Aviation: Africa’s sleeping industry

There is a proven correlation between gross domestic product (GDP) growth and demand for air travel.

The writer says Africa's growing middle class will push demand for safe and reliable air travel.

The writer says Africa’s growing middle class will push demand for safe and reliable air travel.

According to research in 2007 by the University of Nottingham, for every 10% increase in China’s GDP, the volume of air passengers rose by 8.4% and that of air cargo by 14.8%, assuming that other conditions remain unchanged.

If we do a parallel with Africa, the region should not be the exception. According to International Monetary Fund (IMF) data, sub-Saharan Africa has grown at an annual rate of 4.8% over the last five years, beating other emerging regions like Latin America (3.3%). The potential for further economic growth is still there, but this time however it is not coming only from the rising prices of commodities. Small and medium enterprises (SMEs) are responsible for some 40% to the continent’s GDP and contribute to 50% of overall employment in Africa.

Middle class demand

Certainly these successful SMEs will nourish better working conditions and higher wages and salaries, making the emergence of a middle class evident. If we look back into the last decade, sub-Saharan Africa’s poverty level has fallen from 58% in 1999 to 48.5% in 2010. Optimistically, that rate could fall to between 16% and 30% by 2030, according to the World Bank. And as the African Development Bank chief economist Mthuli Ncube said in one of his interviews to Reuters: “Reducing poverty means creating a middle class.”

We know the rest of the story. The middle classes are most certainly interested in safe and reliable air travel. And above all avoiding the inconvenient scenario of having to travel via Europe or Dubai to get to many African capitals.

For instance, in a quick internet travel search, we noted there were no direct flights available between two prominent African cities, and the cheapest flight is operated by a Middle Eastern airline via Dubai.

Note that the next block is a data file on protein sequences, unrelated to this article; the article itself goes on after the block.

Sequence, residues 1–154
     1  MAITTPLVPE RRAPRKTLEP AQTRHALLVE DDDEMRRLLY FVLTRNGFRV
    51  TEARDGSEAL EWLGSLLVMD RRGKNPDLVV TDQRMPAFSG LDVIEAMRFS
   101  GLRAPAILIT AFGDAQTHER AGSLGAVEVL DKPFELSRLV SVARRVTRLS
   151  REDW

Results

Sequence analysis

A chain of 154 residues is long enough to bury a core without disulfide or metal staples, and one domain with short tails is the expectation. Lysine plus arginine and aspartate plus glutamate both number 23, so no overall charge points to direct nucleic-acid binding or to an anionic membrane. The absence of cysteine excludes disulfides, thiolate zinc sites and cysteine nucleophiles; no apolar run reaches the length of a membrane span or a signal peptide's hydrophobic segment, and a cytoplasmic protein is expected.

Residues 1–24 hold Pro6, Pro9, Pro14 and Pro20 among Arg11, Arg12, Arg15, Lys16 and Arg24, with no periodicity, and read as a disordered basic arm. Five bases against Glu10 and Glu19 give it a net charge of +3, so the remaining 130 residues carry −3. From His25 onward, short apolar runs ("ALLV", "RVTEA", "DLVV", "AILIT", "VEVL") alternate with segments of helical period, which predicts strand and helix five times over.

The same pattern is happening when it comes to trade between African countries. It is often cheaper to export something to another African country via Dubai or Europe than directly.

But despite this, we are seeing the emergence of air transport hubs in eastern and southern Africa, around three cities: Johannesburg, Addis Ababa and Nairobi. This is partly because they are all associated with their large state-owned carriers: South African Airways, Ethiopian Airlines and Kenya Airways.

Below are some of the major headwinds facing the aviation industry in Africa:

Closed skies: Many African countries restrict their air services markets to protect the share held by state-owned carriers. A 2006 study on the impact of open skies in the Southern African Development Community (SADC) region, demonstrated that prices on liberated routes have declined on average by 18%. And in cases where low-cost carriers entered the market, prices dropped 40%. On the flip side, passenger volumes would increase by 20% acting as traction for employment and tourism.

Safety: Africa reported the world’s highest rate of fatal accidents in 2013. As of the end of 2013, only 11 African states had achieved 60% implementation of the International Civil Aviation Organisation (ICAO) safety-related standards and recommended practices.

Taxation: Africa authorities see aviation as a cash cow to be milked. Aircraft landing charges are generally high by international standards, partly because of the absence of non-flight revenues from airport concessions. Sometimes taxation contains a combination of ‘solidarity’ taxes, tourism taxes, VAT, and infrastructure development fees.


There is still a lot to be done, but key for the growth of Africa’s aviation industry is government support and more involvement of international aviation bodies in consulting authorities and highlighting the opportunities. Côte d’Ivoire just gave us a good example of that. The state invested 10.6 million euros to rehabilitate domestic airports, so the national carrier Air Côte d’Ivoire can now link with several inland cities.

Ali Mhamedi is a senior associate at Infomineo.

Infomineo is a business research company, focusing on Africa and the Middle East. The company provides its clients, including the majority of the leading global management consulting firms and several Fortune Global 500 companies, with ad hoc data on countries, markets, companies and people gathered through primary and secondary research. For more information please contact [email protected] or visit www.infomineo.com.